One tricky thing is that there are some major nonlinearities between
different bots early in the opening that break Elo model assumptions quite
blatantly at these higher levels.

The most noticeable case of this is with Mi Yuting's flying dagger joseki.
I've noticed for example that in particular matchups between different
pairs of bots (e.g. one particular KataGo net as white versus ELF as black,
or one version of LZ as black versus some other version as white), maybe as
many as 30% of games will enter into this joseki and the preferences for
the bots may happen by chance to line up such that consistently they will
play down a path where one side hits a blind spot and begins the game with
an early disadvantage. Each different bot may have different preferences
such that arbitrarily each possible pairing randomly runs into such a trap
or not.

And, having significant early-game temperature in the bot itself doesn't
always help as much as you would think because this particular joseki is so
sharp that a particular bot could easily have such a strong preference for
one path or another (even when it is ultimately wrong) so as to override
any reasonable temperature. Sometimes, adding temperature or extra
randomness simply only mildly changes the frequency of the sequence, or
just varies the time before the joseki and trap/blunder happens anyways.

If games are to begin from the empty board, I'm not sure there's an easy
way around this except having a very large variety of opponents.

One thing that I'm pretty sure would mostly "fix" the problem (in the sense
of producing a smoother metric of general strength in a variety of
positions not heavily affected by just a few key lines) would be to
semi-arbitrarily take a very large sampling of positions from a wide range
of human professional games, from say, move 20, and have bots play starting
from these sampled positions, in pairs once with each color. This would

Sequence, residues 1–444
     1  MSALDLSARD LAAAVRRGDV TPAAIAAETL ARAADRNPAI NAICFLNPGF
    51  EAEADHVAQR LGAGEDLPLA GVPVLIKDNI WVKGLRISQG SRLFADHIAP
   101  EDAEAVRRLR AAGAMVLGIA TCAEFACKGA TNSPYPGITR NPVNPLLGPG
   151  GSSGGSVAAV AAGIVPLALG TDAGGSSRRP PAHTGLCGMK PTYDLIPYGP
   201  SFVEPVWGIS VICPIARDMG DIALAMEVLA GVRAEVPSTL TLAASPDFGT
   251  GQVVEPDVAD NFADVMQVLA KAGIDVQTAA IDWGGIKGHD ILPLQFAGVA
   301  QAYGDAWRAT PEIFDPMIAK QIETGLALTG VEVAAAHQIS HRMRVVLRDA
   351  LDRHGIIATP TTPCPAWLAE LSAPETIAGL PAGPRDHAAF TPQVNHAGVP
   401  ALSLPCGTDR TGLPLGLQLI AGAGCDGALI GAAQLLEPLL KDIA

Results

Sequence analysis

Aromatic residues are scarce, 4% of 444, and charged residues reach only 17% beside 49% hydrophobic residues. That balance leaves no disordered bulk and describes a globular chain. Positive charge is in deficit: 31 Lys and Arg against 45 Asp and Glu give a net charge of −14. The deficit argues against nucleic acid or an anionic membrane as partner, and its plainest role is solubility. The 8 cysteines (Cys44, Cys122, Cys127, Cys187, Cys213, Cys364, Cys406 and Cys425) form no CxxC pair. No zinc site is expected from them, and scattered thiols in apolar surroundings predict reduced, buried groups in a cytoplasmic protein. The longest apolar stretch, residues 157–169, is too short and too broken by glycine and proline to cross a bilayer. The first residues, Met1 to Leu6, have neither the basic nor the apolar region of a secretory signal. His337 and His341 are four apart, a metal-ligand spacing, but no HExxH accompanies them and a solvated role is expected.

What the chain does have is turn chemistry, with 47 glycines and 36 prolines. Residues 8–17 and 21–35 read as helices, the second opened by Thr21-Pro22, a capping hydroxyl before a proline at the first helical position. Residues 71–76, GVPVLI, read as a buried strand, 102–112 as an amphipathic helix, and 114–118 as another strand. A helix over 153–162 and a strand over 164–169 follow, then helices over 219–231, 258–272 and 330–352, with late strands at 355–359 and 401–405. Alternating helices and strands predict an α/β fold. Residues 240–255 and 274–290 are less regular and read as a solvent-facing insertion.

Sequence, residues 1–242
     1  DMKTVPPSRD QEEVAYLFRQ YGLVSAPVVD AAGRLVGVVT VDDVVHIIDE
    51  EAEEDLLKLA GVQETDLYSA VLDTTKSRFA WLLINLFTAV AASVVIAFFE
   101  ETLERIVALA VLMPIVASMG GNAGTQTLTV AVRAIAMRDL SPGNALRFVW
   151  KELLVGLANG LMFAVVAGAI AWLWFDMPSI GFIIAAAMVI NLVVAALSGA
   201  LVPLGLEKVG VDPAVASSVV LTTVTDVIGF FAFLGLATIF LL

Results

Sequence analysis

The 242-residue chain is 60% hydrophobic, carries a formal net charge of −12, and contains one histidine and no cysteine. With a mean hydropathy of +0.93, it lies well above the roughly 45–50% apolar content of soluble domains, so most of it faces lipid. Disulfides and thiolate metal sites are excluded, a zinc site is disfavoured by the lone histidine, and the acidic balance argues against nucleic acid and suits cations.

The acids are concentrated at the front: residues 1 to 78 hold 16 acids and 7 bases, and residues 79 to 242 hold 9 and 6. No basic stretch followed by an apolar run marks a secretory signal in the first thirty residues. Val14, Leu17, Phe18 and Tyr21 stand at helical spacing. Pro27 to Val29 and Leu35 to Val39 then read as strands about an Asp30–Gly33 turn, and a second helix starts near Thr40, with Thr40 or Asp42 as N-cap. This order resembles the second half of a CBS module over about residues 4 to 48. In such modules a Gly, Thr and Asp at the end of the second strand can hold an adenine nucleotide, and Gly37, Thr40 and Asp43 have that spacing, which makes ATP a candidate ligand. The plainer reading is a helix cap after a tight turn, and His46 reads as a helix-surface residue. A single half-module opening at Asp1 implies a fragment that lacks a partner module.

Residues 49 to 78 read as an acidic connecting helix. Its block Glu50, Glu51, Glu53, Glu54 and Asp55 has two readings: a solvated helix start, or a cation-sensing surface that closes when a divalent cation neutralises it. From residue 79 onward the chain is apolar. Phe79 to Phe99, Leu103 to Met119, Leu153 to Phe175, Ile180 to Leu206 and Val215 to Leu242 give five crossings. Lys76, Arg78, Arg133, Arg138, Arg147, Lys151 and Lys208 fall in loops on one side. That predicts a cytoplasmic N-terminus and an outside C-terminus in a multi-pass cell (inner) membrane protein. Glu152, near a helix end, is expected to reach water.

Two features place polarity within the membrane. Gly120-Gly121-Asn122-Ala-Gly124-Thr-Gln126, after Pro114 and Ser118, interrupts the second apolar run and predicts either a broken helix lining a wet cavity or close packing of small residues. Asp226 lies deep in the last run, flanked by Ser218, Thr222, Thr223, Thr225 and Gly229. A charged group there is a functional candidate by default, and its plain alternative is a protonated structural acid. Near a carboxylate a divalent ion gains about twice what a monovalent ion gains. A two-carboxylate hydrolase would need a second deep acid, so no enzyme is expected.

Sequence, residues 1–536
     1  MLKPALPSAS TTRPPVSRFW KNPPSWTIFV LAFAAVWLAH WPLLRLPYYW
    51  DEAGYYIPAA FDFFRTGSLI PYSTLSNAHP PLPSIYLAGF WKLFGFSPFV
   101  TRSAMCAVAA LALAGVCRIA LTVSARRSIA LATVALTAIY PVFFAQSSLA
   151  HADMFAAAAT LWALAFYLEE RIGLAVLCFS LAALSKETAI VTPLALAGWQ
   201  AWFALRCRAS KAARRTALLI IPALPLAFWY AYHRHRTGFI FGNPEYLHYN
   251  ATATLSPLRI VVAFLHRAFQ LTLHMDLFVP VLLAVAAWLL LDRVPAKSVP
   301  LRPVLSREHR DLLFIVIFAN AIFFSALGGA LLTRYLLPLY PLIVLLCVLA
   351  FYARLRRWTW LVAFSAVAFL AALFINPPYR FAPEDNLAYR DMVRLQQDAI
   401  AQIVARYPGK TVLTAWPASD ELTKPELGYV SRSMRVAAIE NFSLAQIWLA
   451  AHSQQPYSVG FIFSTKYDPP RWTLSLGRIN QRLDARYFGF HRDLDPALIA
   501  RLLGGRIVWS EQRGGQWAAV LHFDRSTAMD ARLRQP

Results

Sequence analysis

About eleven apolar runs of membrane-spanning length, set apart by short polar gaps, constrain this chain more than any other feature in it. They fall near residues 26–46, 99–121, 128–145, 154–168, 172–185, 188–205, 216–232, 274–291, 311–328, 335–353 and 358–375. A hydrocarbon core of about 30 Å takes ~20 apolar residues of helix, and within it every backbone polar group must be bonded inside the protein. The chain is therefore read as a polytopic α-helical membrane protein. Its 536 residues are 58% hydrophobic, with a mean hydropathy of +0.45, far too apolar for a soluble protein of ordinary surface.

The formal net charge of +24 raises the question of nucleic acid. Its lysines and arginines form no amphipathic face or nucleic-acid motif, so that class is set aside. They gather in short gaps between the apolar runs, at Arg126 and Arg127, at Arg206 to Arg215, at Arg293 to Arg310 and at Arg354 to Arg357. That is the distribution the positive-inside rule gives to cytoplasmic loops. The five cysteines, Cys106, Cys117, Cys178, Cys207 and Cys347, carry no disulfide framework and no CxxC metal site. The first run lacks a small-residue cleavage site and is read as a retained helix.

still include many AI openings, because of the way human pros in the last
3-4 years have quickly integrated and experimented with them, but would
also introduce a lot more variety in general than would occur in any
head-to-head matchup.

This is almost surely a *smaller *problem than simply having enough games
mixing between different long-running bots to anchor the Elo system. And it
is not the only way major nontransitivities can show up, (e.g. ladders).
But to take a leaf from computer Chess, playing from sampled forced
openings seems to be a common practice there and maybe it's worth
considering in computer Go as well, even if it only fixes what is currently
the smaller of the issues.

On Thu, Jan 21, 2021 at 12:01 PM Rémi Coulom <> wrote:

> Thanks for computing the new rating list.
> I feel it did not fix anything. The old Zen, cronus, etc.have almost no
> change at all.
> So it is not a good fix, in my opinion. No need to change anything to the
> official ratings.
> The fundamental problem seems that the Elo rating model is too wrong for
> this data, and there is no easy fix for that.
> Long ago, I had thought about using a more complex multi-dimensional Elo
> model. The CGOS data may be a good opportunity to try it. I will try when I
> have some free time.
> Rémi
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